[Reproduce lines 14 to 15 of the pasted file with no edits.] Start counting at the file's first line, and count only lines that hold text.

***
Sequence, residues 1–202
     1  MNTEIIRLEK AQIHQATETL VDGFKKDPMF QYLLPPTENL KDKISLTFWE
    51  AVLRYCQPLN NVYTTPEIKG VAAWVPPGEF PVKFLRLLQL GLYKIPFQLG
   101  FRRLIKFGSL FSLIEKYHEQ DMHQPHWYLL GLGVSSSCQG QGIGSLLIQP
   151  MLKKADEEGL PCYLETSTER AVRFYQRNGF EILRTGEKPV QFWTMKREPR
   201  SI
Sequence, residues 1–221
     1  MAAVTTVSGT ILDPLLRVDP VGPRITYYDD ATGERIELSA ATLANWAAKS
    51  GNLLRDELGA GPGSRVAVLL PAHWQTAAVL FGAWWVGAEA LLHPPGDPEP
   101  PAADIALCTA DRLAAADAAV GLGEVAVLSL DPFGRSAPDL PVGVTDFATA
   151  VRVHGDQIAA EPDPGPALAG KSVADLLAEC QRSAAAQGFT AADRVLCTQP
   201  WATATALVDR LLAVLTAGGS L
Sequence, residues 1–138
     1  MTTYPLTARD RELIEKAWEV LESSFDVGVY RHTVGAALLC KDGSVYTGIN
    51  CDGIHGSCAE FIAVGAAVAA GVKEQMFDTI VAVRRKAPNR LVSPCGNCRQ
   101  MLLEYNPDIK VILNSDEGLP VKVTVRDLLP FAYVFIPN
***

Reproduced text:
     1  MTTYPLTARD RELIEKAWEV LESSFDVGVY RHTVGAALLC KDGSVYTGIN
    51  CDGIHGSCAE FIAVGAAVAA GVKEQMFDTI VAVRRKAPNR LVSPCGNCRQ